X-Men Blue #6 drops the ball again, failing to find the right quality level. Nothing that happens here is interesting. Jimmy, son of Logan, is a damp squib.
X-Men Blue #7 takes us into Secret Empire territory – and this is actually a welcome interval that makes things more interesting for a bit. Bringing some of the rest of the X-Men world into the pages of this book does it some good, while the general dynamic of Jean and her team carrying out rescue missions and resistance activity – against the interests of Hydra’s Mutant collaborators in ‘New Tian’ – is a good one.
There’s something to be said, I think, for the kids being noble idealists willing to react with their gut to the new situation, while the adults are much more political and willing to cooperate or compromise with their enemy.
The main problem I have here is the appearance of Havok during the fight between our young X-Men and a team of Mutants sent to stop them; specifically, my problem is how hostile Havok is made to seem towards the young X-Men and particularly Jean.
It doesn’t really feel legitimate or logical. That he would be here to carry out orders is fine – but would he really be enjoying it this much and seeming so aggressive towards the kids?
As is often the case with the effects of big ‘event’ seasons, I wonder whether the Mutant characters – in this instance, a side-show to the main Secret Empire business – are being well characterised in relation to what’s going on elsewhere. Jean and co are fine – they’re spot-on here. It’s Havok and some of the others that are possibly the problem, including Xorn.
X-Men Blue #8 and #9 continue in the same vein, but throw some interesting gimmicks into the mix. The idea of a sentient or personified entity created by the Blackbird is interesting (if a little lacking in explanation), though only briefly introduced here.
Havok continues to be characterised in a questionable way that doesn’t feel right. And Emma Frost is being a bitch (nothing new there); though the idea of her trying to have her way – in some way or another – with the teenage Scott Summers is seriously creepy. I don’t know if it’s meant to be creepy or just villainous – but it’s creepy.
We get some goodish stuff in X-Men Blue #9 though, with a direct confrontation between Jean and Emma for the sake of little Cyclops. Emma only gets creepier; but it’s nice to see her get bested.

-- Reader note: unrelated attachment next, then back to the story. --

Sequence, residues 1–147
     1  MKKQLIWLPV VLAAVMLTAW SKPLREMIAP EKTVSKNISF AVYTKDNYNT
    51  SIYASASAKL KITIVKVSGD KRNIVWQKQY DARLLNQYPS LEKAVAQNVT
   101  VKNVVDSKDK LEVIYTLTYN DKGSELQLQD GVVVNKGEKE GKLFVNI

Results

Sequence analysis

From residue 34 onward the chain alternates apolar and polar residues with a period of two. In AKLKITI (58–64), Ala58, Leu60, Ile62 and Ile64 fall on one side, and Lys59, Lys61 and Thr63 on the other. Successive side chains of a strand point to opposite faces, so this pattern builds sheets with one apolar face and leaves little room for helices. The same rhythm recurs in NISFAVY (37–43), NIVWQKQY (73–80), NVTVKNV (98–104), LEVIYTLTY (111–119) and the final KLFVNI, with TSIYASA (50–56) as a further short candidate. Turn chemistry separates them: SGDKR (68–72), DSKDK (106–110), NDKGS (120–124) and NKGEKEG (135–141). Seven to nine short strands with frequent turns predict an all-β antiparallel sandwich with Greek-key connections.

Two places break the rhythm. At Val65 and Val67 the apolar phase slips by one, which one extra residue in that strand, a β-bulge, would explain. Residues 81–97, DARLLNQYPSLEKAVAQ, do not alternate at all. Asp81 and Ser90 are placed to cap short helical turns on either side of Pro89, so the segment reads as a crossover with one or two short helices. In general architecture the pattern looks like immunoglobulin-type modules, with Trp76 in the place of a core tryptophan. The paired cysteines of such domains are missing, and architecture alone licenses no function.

As a result of this encounter, Jean and Scott now seem to have a permanent psychic link of sorts – which could be interesting if handled well.
The highlight here for me, however, is the appearance of Polaris – a character I haven’t seen for a long while and who I retain a soft spot for from days gone by. Having her attack Havok is interesting, if a little oddly characterised. The idea that Magneto has enlisted her to keep an eye on the kids is another detail – among several in this series – that doesn’t feel like it rings true.
But, on the plus side, the notion of having Lorna around more in this title gives me some added incentive to keep reading.
There’s lots going on here; not all of it works that well. At times it feels like an incohesive smattering of characters and things. But Emma, creepy or not, always makes for a good Bitch presence.
We also get a tense encounter between Steve Rogers and Magneto.
Looking back through the first nine issues of this title overall, it is difficult to find a great deal to be enthusiastic about. The premise was fine; but this just doesn’t find a good quality level anywhere. Whereas X-Men Gold kept improving as it went on, and Astonishing X-Men started on a strong footing right off-the-bat, X-Men Blue just isn’t doing it.
There might also be a bigger problem that – aside from Jean Grey – the novelty factor of having these time-displaced, sixties’ X-kids here has long since worn off and these characters just aren’t very interesting anymore.
I’m enough of an X-guy to give it more time; but I suspect X-Men: Blue, like the current Generation X, might soon find itself slipping off my required reading list.